Paradiso: Canto XVI
O thou our poor nobility of blood,
If thou dost make the people glory in thee
Down here where our affection languishes,
A marvellous thing it ne'er will be to me;
For there where appetite is not perverted,
I say in Heaven, of thee I made a boast!
Truly thou art a cloak that quickly shortens,
So that unless we piece thee day by day
Time goeth round about thee with his shears!
With 'You,' which Rome was first to tolerate,
(Wherein her family less perseveres,)
Yet once again my words beginning made;
Whence Beatrice, who stood somewhat apart,
Smiling, appeared like unto her who coughed
At the first failing writ of Guenever.
And I began: "You are my ancestor,
You give to me all hardihood to speak,
You lift me so that I am more than I.
So many rivulets with gladness fill
My mind, that of itself it makes a joy
Because it can endure this and not burst.
Then tell me, my beloved root ancestral,
Who were your ancestors, and what the years
That in your boyhood chronicled themselves?
Tell me about the sheepfold of Saint John,
How large it was, and who the people were
Within it worthy of the highest seats."
As at the blowing of the winds a coal
Quickens to flame, so I beheld that light
Become resplendent at my blandishments.
And as unto mine eyes it grew more fair,
With voice more sweet and tender, but not in
This modern dialect, it said to me:
"From uttering of the 'Ave,' till the birth
In which my mother, who is now a saint,
Of me was lightened who had been her burden,
Unto its Lion had this fire returned
Five hundred fifty times and thirty more,
To reinflame itself beneath his paw.
My ancestors and I our birthplace had
Where first is found the last ward of the city
By him who runneth in your annual game.
Suffice it of my elders to hear this;
But who they were, and whence they thither came,
Silence is more considerate than speech.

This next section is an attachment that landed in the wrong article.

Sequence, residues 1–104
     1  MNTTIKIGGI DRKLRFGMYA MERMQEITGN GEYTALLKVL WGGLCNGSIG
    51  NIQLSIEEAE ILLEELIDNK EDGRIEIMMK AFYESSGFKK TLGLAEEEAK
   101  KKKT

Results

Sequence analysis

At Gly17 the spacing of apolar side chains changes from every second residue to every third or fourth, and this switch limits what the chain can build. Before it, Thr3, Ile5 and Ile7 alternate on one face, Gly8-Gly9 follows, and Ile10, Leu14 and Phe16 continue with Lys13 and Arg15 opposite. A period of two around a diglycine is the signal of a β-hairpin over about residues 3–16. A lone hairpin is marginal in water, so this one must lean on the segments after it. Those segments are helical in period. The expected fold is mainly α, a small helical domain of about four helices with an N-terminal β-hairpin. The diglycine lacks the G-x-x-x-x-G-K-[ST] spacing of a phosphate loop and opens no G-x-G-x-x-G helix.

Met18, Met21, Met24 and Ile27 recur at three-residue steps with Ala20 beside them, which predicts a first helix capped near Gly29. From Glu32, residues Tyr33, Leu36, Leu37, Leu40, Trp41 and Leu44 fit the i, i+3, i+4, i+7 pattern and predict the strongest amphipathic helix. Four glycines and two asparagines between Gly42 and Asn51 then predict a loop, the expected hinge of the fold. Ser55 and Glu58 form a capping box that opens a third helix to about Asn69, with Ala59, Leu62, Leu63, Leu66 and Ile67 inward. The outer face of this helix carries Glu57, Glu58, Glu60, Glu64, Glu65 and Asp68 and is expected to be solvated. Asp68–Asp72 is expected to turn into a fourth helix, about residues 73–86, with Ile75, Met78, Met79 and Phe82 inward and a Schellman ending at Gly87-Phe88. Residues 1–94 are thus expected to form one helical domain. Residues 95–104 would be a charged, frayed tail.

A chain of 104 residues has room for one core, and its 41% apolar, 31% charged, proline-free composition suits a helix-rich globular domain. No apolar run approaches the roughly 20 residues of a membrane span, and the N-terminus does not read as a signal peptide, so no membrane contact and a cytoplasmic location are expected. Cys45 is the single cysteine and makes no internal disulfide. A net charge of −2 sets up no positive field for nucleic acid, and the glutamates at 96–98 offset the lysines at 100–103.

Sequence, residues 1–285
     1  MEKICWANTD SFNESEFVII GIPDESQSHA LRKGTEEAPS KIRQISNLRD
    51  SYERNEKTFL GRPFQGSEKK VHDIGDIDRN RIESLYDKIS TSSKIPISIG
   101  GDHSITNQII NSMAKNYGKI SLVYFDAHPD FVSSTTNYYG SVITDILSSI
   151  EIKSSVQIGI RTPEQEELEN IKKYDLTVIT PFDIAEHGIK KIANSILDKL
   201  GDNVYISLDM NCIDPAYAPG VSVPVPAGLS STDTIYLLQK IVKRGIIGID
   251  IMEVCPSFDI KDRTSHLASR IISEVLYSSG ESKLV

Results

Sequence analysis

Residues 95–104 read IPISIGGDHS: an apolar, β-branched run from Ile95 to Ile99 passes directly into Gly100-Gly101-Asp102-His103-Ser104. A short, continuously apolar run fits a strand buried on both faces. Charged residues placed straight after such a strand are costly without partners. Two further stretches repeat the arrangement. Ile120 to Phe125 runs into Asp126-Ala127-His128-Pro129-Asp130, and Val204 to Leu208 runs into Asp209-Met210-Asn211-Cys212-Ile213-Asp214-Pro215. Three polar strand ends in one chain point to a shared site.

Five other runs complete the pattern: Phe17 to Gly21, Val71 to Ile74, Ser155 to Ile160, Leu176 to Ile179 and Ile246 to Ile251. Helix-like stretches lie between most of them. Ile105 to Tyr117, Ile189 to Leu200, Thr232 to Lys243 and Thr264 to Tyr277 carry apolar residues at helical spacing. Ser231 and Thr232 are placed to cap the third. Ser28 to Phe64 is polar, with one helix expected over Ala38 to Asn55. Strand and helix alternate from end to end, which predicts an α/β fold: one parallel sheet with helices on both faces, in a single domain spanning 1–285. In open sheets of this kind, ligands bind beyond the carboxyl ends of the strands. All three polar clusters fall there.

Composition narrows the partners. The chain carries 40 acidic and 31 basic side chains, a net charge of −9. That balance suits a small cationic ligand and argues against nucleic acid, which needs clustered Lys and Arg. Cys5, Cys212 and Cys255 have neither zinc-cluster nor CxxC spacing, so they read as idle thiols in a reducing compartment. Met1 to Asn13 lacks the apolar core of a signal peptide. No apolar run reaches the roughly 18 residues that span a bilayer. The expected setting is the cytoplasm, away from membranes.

All those who at that time were there between
Mars and the Baptist, fit for bearing arms,
Were a fifth part of those who now are living;
But the community, that now is mixed
With Campi and Certaldo and Figghine,
Pure in the lowest artisan was seen.
O how much better 'twere to have as neighbours
The folk of whom I speak, and at Galluzzo
And at Trespiano have your boundary,
Than have them in the town, and bear the stench
Of Aguglione's churl, and him of Signa
Who has sharp eyes for trickery already.
Had not the folk, which most of all the world
Degenerates, been a step-dame unto Caesar,
But as a mother to her son benignant,
Some who turn Florentines, and trade and discount,
Would have gone back again to Simifonte
There where their grandsires went about as beggars.
At Montemurlo still would be the Counts,
The Cerchi in the parish of Acone,
Perhaps in Valdigrieve the Buondelmonti.
Ever the intermingling of the people
Has been the source of malady in cities,
As in the body food it surfeits on;
And a blind bull more headlong plunges down
Than a blind lamb; and very often cuts
Better and more a single sword than five.
If Luni thou regard, and Urbisaglia,
How they have passed away, and how are passing
Chiusi and Sinigaglia after them,
To hear how races waste themselves away,
Will seem to thee no novel thing nor hard,
Seeing that even cities have an end.
All things of yours have their mortality,
Even as yourselves; but it is hidden in some
That a long while endure, and lives are short;
And as the turning of the lunar heaven
Covers and bares the shores without a pause,
In the like manner fortune does with Florence.
Therefore should not appear a marvellous thing
What I shall say of the great Florentines
Of whom the fame is hidden in the Past.
I saw the Ughi, saw the Catellini,
Filippi, Greci, Ormanni, and Alberichi,
Even in their fall illustrious citizens;
And saw, as mighty as they ancient were,
With him of La Sannella him of Arca,
And Soldanier, Ardinghi, and Bostichi.
Near to the gate that is at present laden
With a new felony of so much weight
That soon it shall be jetsam from the bark,
The Ravignani were, from whom descended
The County Guido, and whoe'er the name
Of the great Bellincione since hath taken.
He of La Pressa knew the art of ruling
Already, and already Galigajo
Had hilt and pommel gilded in his house.
Mighty already was the Column Vair,
Sacchetti, Giuochi, Fifant, and Barucci,
And Galli, and they who for the bushel blush.
The stock from which were the Calfucci born
Was great already, and already chosen
To curule chairs the Sizii and Arrigucci.
O how beheld I those who are undone
By their own pride! and how the Balls of Gold
Florence enflowered in all their mighty deeds!
So likewise did the ancestors of those
Who evermore, when vacant is your church,
Fatten by staying in consistory.
The insolent race, that like a dragon follows
Whoever flees, and unto him that shows
His teeth or purse is gentle as a lamb,
Already rising was, but from low people;
So that it pleased not Ubertin Donato
That his wife's father should make him their kin.
Already had Caponsacco to the Market
From Fesole descended, and already
Giuda and Infangato were good burghers.
I'll tell a thing incredible, but true;